Europe’s Energy Commissioner, Kadri Simson, proposes ending EU funding for fossil gas infrastructure. The European Investment Bank (EIB) has done likewise. If true, this is good news for the climate. But if the EU wants to meet its commitment of limiting temperature rise to 1.5oc, it needs to decommission existing gas infrastructure in addition to stopping new projects. However, the gas industry has a powerful tool to stop this happening: the climate-wrecking Energy Charter Treaty (ECT).
The ECT allows companies to sue governments for billions when they act to keep fossil fuels in the ground. For example, German coal giant RWE is suing the Netherlands for banning the burning of coal for electricity from 2030, demanding €1.4 billion in ‘compensation’. British company Rockhopper is suing Italy over a ban on new oil and gas drilling near the country’s coast, claiming €225 million for lost future profits from a controversial oil platform.
Such ECT claims over stranded gas assets could make any move away from gas exorbitantly expensive – so expensive it may not happen. According to research by InvestigateEurope, current gas infrastructure in the EU, UK and Switzerland protected by the ECT is valued at €324 billion. It would also cover any new pipelines or power plants, which certain governments want the EU to keep supporting. As long as governments remain inside the treaty, moving beyond gas is unlikely, but one million people have already signed a petition calling on the EU and member states to pull out of the ECT – and a growing number of climate scientists and Parliamentarians support that call.
The reason Europe has so much gas infrastructure today is due to gas industry lobbying rather than actual need, and as a result much of it remains chronically under-utilised. In light of the EU’s goal of keeping temperature rise below 1.5oc, many of today’s pipelines, gas fields, power plants and liquified natural gas (LNG) terminals may already be obsolete. Campaigners have been calling for the infrastructure to be decommissioned, but this poses a direct threat to the investments of those companies operating them, which are protected by the ECT’s ‘Investor-State Dispute Settlement’, or ISDS. This is the same dreaded mechanism proposed for TTIP and CETA, the EU-US and EU-Canada trade deals.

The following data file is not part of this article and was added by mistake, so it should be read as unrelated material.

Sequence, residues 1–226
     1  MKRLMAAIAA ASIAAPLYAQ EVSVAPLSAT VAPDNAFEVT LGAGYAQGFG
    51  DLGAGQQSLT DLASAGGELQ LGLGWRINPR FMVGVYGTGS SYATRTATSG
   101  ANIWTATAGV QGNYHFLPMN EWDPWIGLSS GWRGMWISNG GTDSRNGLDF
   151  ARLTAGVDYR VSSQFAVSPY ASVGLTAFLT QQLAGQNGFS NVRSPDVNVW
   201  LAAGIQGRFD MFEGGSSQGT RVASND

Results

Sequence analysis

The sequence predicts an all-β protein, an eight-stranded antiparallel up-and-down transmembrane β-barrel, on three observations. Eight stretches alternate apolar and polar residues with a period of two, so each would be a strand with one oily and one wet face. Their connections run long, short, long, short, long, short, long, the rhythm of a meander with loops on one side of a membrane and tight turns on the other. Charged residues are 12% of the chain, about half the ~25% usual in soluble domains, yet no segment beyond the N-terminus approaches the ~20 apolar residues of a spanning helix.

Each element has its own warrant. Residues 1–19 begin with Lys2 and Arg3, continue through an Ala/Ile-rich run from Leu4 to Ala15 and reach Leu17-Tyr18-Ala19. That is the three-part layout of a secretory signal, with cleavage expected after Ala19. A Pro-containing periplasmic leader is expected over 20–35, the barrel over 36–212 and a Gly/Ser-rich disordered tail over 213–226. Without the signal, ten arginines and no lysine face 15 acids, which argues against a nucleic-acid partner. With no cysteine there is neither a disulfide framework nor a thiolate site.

Gas investments make up the vast majority of the ECT: currently protected infrastructure in the EU, UK and Switzerland is valued at €324 billion. Since ECT-protected investors can sue not only for the actual value of their infrastructure but also for lost profit expectations, the actual sum of possible gas-related compensation claims could be much higher.
European gas infrastructure covered by the ECT:
Gas pipelines = €148 billion
So what does this mean when we successfully cancel new North Sea oil and gas drilling permits? Or Nord Stream 2? Or decommission TAP, the Trans Adriatic Pipeline? Or scrap Spain’s underused LNG terminals?
Because of the ECT, success could mean billions of euros given in compensation to gas companies for their lost future profits. Or, scared by the enormous price tag, governments cancel, delay or weaken their plans. This is what happened to the German anti-coal movement: fear of being sued by the coal industry is one reason why the government delayed the coal phase-out until 2038 and paid billions in compensation to the coal operators. In exchange, the coal industry officially waived its rights to sue Germany under the ECT.
Despite claims from Commissioner Simson, the EU may keep funding fossil gas infrastructure into the future. A group of ten governments appears to have successfully won support for gas as a ‘transition fuel’, while the Commission itself is committed to ‘low carbon’ gases. There is not yet an official Commission definition of a ‘low carbon’ gas, but the lobbygroup Eurogas is pushing for it to include both hydrogen from fossil gas and just plain fossil gas, with or without CO2 abatement. There have even been reports of funding new ‘hydrogen-ready’ gas pipelines that carry fossil gas until hydrogen arrives – if it ever does. All of this is being presented by industry as a reason to build more infrastructure. And as long as the EU and its member states remain in the Energy Charter Treaty, these new infrastructure investments will all be protected by the ECT, risking a prohibitively large bill for the tax payers when governments finally accept fossil gas is not a solution.